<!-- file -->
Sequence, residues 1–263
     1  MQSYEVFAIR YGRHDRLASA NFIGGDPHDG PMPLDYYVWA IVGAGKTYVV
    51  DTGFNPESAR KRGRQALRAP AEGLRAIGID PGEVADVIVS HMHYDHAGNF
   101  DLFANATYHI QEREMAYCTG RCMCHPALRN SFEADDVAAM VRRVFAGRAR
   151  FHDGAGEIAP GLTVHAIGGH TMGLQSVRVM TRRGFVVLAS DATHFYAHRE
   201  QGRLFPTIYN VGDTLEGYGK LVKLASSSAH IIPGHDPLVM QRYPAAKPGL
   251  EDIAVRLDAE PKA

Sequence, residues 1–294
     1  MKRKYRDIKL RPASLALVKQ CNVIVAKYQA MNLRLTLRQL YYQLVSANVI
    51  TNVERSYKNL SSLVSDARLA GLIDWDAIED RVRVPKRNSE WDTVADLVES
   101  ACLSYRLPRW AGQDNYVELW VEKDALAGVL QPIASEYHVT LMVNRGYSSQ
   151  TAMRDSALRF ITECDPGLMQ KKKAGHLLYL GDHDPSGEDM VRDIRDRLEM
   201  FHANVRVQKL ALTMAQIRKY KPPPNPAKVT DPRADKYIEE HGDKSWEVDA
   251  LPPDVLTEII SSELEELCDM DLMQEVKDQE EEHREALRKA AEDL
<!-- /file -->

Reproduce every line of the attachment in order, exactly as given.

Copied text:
Sequence, residues 1–263
     1  MQSYEVFAIR YGRHDRLASA NFIGGDPHDG PMPLDYYVWA IVGAGKTYVV
    51  DTGFNPESAR KRGRQALRAP AEGLRAIGID PGEVADVIVS HMHYDHAGNF
   101  DLFANATYHI QEREMAYCTG RCMCHPALRN SFEADDVAAM VRRVFAGRAR
   151  FHDGAGEIAP GLTVHAIGGH TMGLQSVRVM TRRGFVVLAS DATHFYAHRE
   201  QGRLFPTIYN VGDTLEGYGK LVKLASSSAH IIPGHDPLVM QRYPAAKPGL
   251  EDIAVRLDAE PKA

Sequence, residues 1–294
     1  MKRKYRDIKL RPASLALVKQ CNVIVAKYQA MNLRLTLRQL YYQLVSANVI
    51  TNVERSYKNL SSLVSDARLA GLIDWDAIED RVRVPKRNSE WDTVADLVES
   101  ACLSYRLPRW AGQDNYVELW VEKDALAGVL QPIASEYHVT LMVNRGYSSQ
   151  TAMRDSALRF ITECDPGLMQ KKKAGHLLYL GDHDPSGEDM VRDIRDRLEM
   201  FHANVRVQKL ALTMAQIRKY KPPPNPAKVT DPRADKYIEE HGDKSWEVDA
   251  LPPDVLTEII SSELEELCDM DLMQEVKDQE EEHREALRKA AEDL